Concerts & Shows
The Lives They Left Behind: Suitcases From a State Hospital Attic
The exhibit will be open to the public at The Stanley, Romano Room, May, 1st - May 25th. Hours of operation are as follows:
Exhbit entrance is the Romano Room Side Door located off of Genesee Street inbetween Acora and The Stanley Box Office.
* Handicap entrace available from 11am-5pm on weekdays. Appoinments for elevator use are suggested. call 315-724-4000 for an appointment.
Could you pack the essence of your lifetime into a suitcase? The Lives They Left Behind: Suitcases From A State Hospital Attic, an exhibition coming to The Stanley does exactly that.
In 1995, during the closure of Willard Psychiatric Center in New York’s Finger Lakes region, several hundred suitcases filled with the personal belongings of former patients were discovered in the hospital attic. The suitcases and their contents bear witness to the rich, complex lives these people led before they were committed to Willard – and speak to their aspirations, accomplishments, and community connections, as well as to loss and isolation. From the clothing and personal objects left behind, we can gain some understanding of who these people were before they disappeared behind hospital walls. The pictures and stories illustrate the ordinary lives these people led: they raised families, had jobs, were educated and traveled, fell in love, and faced misfortune. For many, dealing with hardships sealed their fate to a lifetime in a mental hospital.
“The Lives They Left Behind” was created by The Community Consortium, an organization of people with psychiatric histories and their allies, to honor the memories of these people and others like them who were removed from their communities and institutionalized. This exhibit provides insight into psychiatric institutions in the early-mid 20th century, and also raises some difficult and compelling questions:
Why were they committed? Sr. Roderigo, #15902, an educated, upper class Filipino, grew depressed and heard voices accusing him of being a sinner, at which point his employer had him committed. He was 29 years old. This observation was later placed in his file: “Years of Institutionalization appear to have been a mistake, as far as duration, as this man appears in perfect mental condition now.”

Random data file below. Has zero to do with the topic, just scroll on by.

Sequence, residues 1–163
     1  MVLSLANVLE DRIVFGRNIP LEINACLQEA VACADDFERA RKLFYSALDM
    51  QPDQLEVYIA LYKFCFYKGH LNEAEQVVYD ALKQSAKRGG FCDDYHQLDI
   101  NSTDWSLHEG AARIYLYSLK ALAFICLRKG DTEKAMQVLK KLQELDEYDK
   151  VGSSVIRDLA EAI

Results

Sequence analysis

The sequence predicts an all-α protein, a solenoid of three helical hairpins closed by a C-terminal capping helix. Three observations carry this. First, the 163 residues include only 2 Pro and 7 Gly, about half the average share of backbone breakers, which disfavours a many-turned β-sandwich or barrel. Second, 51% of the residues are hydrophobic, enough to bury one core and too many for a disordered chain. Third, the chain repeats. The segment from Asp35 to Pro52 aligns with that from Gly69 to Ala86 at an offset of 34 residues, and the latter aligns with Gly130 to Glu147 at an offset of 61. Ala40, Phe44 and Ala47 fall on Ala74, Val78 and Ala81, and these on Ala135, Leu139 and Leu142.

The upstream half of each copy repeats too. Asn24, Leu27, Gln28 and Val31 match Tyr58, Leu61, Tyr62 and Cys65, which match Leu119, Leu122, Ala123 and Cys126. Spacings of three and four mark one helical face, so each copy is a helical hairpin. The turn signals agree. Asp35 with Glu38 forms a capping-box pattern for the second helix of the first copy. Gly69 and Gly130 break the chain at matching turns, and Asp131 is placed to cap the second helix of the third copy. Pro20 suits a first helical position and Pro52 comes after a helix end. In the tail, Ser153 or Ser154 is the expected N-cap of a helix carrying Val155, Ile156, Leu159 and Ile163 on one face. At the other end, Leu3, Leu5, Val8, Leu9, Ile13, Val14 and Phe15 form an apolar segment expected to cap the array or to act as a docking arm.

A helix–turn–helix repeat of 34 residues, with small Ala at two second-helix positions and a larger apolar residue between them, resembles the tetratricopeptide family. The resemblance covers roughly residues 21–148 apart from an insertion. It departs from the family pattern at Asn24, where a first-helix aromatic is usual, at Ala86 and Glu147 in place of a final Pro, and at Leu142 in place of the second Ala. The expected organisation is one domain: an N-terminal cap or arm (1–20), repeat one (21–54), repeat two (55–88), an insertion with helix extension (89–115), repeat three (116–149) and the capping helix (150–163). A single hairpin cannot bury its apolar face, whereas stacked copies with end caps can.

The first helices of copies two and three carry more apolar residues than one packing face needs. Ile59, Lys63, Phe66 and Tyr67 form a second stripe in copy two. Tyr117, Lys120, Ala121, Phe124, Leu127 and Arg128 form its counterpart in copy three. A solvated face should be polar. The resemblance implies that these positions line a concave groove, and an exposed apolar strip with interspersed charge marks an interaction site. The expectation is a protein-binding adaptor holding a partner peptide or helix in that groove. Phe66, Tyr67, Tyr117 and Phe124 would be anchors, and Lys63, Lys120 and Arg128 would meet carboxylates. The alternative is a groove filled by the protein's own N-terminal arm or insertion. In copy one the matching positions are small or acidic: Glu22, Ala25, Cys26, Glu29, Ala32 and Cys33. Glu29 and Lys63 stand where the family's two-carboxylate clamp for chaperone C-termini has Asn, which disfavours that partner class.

How were they treated? Mr. Dmytro, #32643, after coping with the loss of his wife and child, became convinced that he was supposed to marry President Truman’s daughter. During his stay at Willard, the staff had trouble understanding his thick Ukrainian accent and he was given twenty electroshock treatments, which did not improve his condition.
Where were their friends and family? Mrs. Ethel, #20756, was visited by her grown children 3 times early in her admission. After that she received no other visits, even though her daughter-in-law worked at the hospital.
The exhibit will be offered locally by Catholic Charities of Oneida and Madison Counties, an organization dedicated to Creating Hope and Transforming Lives in those suffering.
The exhibition is open to the public at The Stanley, Romano Room, from April 30th-May 25th. The exhibit will be open Wednesday, Thursday, Friday 11am-7pm and Saturday and Sunday 12pm-5pm, for a donation of $5.00. Children 12 and under free. For more information and reservations for a school group, please contact Development Director Tara D’Amico at (315) 724-2158 x 247 or www.catholiccharitiesom.org.
The Lives They Left Behind is circulated by The Exhibition Alliance of Hamilton, NY – www.exhibitionalliance.org.